I think procedures and operational guidelines for certain tasks are very important, for a number of reasons, so many actually that I wouldn't mention in here. If we say that they are not, then a project plan isn’t essential, neither is a project charter, and all similar documents dictated by high-ranking people.

For me, it's not a take-it-all or leave-it-all deal. If these procedures were written based on good experience, with the participation of as many stakeholders a possible, with practicality in mind, then these documents will help get more ownership, define boundaries of work and responsibilities, and guide the team to successful implementation.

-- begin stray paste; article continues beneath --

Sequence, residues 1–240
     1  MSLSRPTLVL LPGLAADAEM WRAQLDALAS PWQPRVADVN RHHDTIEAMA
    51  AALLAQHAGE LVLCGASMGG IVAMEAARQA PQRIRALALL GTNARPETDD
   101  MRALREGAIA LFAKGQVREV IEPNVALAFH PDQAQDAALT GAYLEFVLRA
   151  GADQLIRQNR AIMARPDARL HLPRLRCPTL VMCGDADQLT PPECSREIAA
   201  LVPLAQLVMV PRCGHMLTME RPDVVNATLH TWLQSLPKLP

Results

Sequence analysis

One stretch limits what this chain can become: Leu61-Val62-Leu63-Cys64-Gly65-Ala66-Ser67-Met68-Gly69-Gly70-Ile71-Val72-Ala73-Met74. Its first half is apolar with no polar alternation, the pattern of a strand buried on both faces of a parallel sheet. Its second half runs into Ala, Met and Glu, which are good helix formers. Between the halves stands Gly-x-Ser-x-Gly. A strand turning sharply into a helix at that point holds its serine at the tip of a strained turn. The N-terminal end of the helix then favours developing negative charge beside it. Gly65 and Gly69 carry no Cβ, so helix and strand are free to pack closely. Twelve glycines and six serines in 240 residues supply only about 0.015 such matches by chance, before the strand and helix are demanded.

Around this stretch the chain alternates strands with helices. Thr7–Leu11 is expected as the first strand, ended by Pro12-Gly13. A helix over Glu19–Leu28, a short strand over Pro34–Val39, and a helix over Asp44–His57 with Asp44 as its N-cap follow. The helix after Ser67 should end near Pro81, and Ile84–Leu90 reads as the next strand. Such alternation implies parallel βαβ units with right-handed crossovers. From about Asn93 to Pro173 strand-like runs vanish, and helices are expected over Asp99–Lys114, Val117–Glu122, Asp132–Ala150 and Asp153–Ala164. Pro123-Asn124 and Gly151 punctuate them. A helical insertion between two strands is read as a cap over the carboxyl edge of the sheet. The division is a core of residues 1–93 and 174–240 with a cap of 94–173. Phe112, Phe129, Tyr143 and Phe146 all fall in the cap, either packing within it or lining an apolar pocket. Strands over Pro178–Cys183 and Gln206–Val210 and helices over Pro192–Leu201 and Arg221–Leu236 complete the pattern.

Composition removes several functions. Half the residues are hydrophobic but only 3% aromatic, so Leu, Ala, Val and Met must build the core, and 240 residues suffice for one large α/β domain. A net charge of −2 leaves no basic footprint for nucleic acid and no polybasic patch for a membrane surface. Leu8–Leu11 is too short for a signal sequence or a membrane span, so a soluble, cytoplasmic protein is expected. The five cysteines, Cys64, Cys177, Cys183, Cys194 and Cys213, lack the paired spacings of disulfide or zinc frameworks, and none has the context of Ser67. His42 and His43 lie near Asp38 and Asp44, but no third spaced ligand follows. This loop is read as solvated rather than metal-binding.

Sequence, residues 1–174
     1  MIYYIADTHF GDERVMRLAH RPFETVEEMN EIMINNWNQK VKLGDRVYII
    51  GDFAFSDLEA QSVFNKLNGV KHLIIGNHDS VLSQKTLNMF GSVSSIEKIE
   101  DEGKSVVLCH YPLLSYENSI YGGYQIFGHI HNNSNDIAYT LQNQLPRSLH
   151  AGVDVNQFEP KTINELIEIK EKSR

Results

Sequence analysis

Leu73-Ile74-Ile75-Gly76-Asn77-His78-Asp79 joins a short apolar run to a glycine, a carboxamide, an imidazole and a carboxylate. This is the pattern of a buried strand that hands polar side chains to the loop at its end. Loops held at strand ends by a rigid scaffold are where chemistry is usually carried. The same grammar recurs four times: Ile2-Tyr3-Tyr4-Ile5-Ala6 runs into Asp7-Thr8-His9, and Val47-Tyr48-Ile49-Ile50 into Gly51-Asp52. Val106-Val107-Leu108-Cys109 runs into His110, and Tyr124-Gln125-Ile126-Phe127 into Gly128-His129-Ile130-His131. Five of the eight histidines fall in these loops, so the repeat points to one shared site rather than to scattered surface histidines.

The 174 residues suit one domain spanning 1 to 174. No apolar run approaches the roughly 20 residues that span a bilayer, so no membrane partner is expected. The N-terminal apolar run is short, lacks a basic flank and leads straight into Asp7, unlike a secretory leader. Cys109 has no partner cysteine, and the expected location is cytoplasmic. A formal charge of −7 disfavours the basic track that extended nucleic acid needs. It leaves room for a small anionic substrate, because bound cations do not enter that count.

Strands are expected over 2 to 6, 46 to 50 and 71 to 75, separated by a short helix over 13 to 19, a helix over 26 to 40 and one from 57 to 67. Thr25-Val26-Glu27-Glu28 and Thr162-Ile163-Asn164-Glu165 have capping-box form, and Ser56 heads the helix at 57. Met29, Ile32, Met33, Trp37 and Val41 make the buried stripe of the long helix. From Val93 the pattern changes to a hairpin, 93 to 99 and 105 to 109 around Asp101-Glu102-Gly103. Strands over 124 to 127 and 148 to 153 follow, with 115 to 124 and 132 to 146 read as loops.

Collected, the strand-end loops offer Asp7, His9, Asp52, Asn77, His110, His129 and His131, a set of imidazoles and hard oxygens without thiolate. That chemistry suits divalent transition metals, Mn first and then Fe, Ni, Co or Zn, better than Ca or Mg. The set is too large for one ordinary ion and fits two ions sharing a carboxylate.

On the other hand, overdoing them for the sake of documentation, and not involving stakeholders, and not being based on good experiences and lessons learned, would not give positive results, if not negative ones.


Robert L. Folkner
"Think about it, is there anything in the universe easier to ignore than a document?"

Mr. Hatfield, you've nailed it in that little phrase alone. Allow me to say that the military pyramidal, top-down management system is very prone to this. Example: I had a division officer at my last naval command whom our executive officer referred-to as his very best officer, and about whom he boasted, saying he handled all assignments expeditiously. Eventually, this D.O. was relieved and we were told to clean out his desk.

It was nearly impossible to get the drawers open. He had packed every assignment he'd been given away in the desk and never bothered with them again.